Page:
Rosetta mission landed a probe on a comet today!

So after 4 billion miles and 10 years traveling through space, the Rosetta mission dropped it’s lander, Philae, toward the comet 67P (the comet is a.k.a. Churyumov–Gerasimenko) last night. It touched down at 8am PST this morning. The harpoon on Philae didn’t launch so it isn’t anchored, but the lander is still on the surface of the comet so it’s so far a success. Good job, European Space Agency!

This is the first time mankind has ever landed on a comet, and the scientific data and samples are expect to tell us a lot about the beginning of the solar system, and perhaps how water and organic molecules first came to earth.


I really enjoyed this blow-by-blow from xkcd:

Who knows, maybe the Heart of Gold will pass him by and make him some whales. :slight_smile:


Yeah that was pretty cool! I linked to it as I was helping out with the reddit live event.

EDIT: There it is.

1 Like

i love what this event represents for the scientific community… but even more so, I love that it has brought people out of the woodworks, emailing everyone they know about the story … I’ve received no less than five emails from folks I haven’t heard from in years! :smile:


Kind of funny how this worked out. First the thrusters don’t work, then the harpoon doesn’t work.

I can see the memes now: “Doesn’t matter, still landed on a comet.”


It was awesome, I enjoy getting the Rosetta tweets, been interesting.

Considering they still managed to land it after 10 years in space is rather amazing non the less :wink:


Exactly! I think about what I was coding/building 10 years ago, and that really puts the decay of the technology into perspective. :wink:


It’s funny, Twitter has been one of the fastest ways to stay up-do-date on the latest developments with Rosetta, but Twitter wasn’t even around when they launched!


Oh yes, it’s definitely amazing. The effort it takes to plan out and execute an operation using severely limited resources over a huge time delay is always amazing!

1 Like

On that note, theres only 10 years left until humanity should have a colony on mars, which is scary enough in my opinion.



Not sure I get the reference, but it won’t happen in the next 10 years. Way too much infrastructure needed for that to work ATM.

1 Like

I’m really happy, this worked out. As a physicist with some old work in astro-physics, it’s nice to see when there are some massmedia suitable events. Most of the real cool stuff is so “off the logic”, that “normal people” don’t get it and that’s kind of sad… There are so many real fantastic ideas and missions which are on ice, because nobody wants to pay for it… maybe this success creates some spotlight for new plans…


Yeah, it’s sad. Dunno how to change it though - there’s only so much tax money, and it makes sense to try and get as good a return on it a possible.

This coming from a guy who’d love to see the Ministry of Blue-Sky Research Funding mind you :stuck_out_tongue: .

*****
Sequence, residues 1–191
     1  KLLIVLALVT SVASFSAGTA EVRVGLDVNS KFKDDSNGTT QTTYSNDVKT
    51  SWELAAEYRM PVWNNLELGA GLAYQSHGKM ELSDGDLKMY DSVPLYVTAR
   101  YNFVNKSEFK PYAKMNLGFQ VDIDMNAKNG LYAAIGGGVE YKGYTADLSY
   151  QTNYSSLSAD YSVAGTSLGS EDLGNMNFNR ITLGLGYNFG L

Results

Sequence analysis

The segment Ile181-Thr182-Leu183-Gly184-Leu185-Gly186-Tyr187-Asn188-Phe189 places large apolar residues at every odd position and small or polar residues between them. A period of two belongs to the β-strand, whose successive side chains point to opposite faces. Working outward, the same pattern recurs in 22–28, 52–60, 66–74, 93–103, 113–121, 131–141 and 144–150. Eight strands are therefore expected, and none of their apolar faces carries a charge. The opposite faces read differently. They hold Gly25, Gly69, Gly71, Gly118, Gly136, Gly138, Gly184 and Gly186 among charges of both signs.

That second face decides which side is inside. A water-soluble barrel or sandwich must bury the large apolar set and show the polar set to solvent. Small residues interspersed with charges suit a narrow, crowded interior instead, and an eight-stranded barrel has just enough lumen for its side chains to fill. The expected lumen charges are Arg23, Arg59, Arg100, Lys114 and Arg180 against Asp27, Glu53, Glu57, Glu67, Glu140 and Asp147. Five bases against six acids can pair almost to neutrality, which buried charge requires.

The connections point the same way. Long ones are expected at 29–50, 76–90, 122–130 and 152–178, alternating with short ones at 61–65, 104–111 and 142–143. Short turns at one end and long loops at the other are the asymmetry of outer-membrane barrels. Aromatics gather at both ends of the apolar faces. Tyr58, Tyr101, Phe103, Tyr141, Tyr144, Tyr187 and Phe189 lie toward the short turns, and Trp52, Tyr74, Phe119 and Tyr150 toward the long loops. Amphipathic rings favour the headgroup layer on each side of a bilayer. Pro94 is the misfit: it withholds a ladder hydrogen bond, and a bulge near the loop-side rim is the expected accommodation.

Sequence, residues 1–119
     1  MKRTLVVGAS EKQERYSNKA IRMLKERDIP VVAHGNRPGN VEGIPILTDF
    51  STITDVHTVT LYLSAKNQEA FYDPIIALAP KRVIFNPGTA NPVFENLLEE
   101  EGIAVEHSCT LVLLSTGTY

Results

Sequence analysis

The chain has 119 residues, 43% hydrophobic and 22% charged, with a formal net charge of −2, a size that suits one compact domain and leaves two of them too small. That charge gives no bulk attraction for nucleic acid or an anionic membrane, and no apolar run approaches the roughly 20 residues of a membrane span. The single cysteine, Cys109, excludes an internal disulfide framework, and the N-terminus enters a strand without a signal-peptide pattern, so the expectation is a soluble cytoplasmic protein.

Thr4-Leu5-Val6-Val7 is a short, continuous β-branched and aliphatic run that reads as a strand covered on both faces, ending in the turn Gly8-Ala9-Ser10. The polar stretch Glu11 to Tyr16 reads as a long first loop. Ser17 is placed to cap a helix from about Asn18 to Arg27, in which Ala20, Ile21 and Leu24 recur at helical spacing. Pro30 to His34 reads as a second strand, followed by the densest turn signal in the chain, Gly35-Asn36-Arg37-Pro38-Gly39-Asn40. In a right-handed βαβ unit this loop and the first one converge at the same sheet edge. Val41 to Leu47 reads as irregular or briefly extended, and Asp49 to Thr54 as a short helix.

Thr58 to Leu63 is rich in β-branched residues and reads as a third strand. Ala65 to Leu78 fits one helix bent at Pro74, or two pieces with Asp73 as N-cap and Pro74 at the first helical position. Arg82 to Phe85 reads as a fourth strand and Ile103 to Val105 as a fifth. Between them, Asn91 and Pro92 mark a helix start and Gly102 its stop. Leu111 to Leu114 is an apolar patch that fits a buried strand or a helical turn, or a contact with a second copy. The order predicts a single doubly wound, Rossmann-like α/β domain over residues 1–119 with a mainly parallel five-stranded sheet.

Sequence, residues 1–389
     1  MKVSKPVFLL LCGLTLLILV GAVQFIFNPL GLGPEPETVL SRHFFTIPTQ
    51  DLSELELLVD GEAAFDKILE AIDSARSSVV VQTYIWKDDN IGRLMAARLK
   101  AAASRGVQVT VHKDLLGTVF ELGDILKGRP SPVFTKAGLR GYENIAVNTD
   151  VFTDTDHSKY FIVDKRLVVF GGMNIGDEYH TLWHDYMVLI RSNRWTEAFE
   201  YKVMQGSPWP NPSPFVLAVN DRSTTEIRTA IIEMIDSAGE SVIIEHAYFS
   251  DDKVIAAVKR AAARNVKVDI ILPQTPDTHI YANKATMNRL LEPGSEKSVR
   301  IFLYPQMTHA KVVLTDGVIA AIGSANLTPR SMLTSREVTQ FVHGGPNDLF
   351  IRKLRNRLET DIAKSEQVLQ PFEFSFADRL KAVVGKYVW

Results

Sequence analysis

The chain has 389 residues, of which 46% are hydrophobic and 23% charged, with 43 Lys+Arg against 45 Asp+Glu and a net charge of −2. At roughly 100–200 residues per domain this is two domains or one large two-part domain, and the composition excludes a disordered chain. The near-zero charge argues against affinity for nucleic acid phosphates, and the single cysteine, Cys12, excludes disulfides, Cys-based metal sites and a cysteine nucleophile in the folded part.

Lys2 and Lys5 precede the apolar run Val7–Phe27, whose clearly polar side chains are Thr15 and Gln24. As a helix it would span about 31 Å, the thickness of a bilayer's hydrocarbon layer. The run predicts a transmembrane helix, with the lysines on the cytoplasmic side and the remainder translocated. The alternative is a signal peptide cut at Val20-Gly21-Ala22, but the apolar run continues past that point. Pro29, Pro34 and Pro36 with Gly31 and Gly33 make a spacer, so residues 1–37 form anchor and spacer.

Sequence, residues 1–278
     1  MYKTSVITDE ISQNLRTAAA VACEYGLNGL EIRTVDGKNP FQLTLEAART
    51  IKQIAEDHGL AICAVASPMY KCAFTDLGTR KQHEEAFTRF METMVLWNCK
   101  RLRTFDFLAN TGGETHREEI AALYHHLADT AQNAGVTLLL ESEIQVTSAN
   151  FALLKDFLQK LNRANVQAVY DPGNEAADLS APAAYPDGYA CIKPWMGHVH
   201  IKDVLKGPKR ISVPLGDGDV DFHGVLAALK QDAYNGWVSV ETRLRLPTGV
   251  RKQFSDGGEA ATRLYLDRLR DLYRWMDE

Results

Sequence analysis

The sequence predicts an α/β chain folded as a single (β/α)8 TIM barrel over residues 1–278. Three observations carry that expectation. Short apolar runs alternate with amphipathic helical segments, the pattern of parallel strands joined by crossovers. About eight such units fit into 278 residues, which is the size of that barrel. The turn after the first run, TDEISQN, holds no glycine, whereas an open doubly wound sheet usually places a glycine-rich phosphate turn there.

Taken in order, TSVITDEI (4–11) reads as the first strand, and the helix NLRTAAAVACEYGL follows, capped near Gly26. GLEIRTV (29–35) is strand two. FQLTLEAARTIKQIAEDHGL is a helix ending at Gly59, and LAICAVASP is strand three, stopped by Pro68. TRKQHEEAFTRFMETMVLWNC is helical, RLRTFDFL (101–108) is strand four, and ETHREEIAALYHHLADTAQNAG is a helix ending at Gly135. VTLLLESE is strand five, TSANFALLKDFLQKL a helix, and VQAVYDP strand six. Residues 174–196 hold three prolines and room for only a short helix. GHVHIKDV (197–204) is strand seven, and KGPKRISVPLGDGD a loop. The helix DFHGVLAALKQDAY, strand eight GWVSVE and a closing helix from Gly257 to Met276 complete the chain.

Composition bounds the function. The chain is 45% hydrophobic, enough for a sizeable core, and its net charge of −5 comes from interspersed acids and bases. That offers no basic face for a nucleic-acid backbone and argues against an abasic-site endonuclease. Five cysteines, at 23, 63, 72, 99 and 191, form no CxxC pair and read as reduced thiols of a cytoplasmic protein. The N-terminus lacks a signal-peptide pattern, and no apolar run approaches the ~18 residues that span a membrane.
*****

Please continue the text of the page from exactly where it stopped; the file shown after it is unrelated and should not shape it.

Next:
Say its necessary for climate change reasons :wink: .

1 Like

Never question the Stianity.

[quote=“Teleros, post:14, topic:8539”]
there’s only so much tax money,[/quote]
The problem is: they all just want profit. And you don’t get much money with data like this.
Of course this could bring humanity one step further on their way, but right now it’s just too less useful in our daily life… It’s nearly funny when you hear, that one of my professors mission will never launch, because they need like 2 gram of a special metal… ^^

[quote=“Teleros, post:14, topic:8539”]
Say its necessary for climate change reasons.[/quote]
Haha, even saving the planet isn’t a good repay anymore…
Maybe we’ll see some crowdfunding missions some day in the future… :slight_smile:

1 Like

[quote=“Stian, post:15, topic:8539, full:true”]Never question the Stianity.[/quote]
Oh I know all about Mars One. It’s just not going to succeed.

Crowdfund the money to get the metal?

1 Like

[quote=“Teleros, post:17, topic:8539”]
Crowdfund the money to get the metal?[/quote]
Not this mission. It’s too special to hook up people. Too many long words in the description xD
But I really think, crowdfunding could work on life-near projects with low profit. Like working on new energy-sources/green technology or meds. Boyan Slat shows, that there is at least the chance to get some money… :slight_smile:

We got people to the moon quite a while ago why not Mars? I personally think they will get out there, but i am not quite sure how long they are going to survive it…

[quote=“thorbjorn42gbf, post:19, topic:8539”]
We got people to the moon quite a while ago why not mars?[/quote]
The difference between moon and mars is like between swimming on the ocean or diving in the ocean…
I don’t want so say it’s impossible - let’s look at the technical progress - but these people will die.
The question is more like “how” and not “if”…

But if everything works out, there will be some fantastic data and some - hopefully - happy dieing people…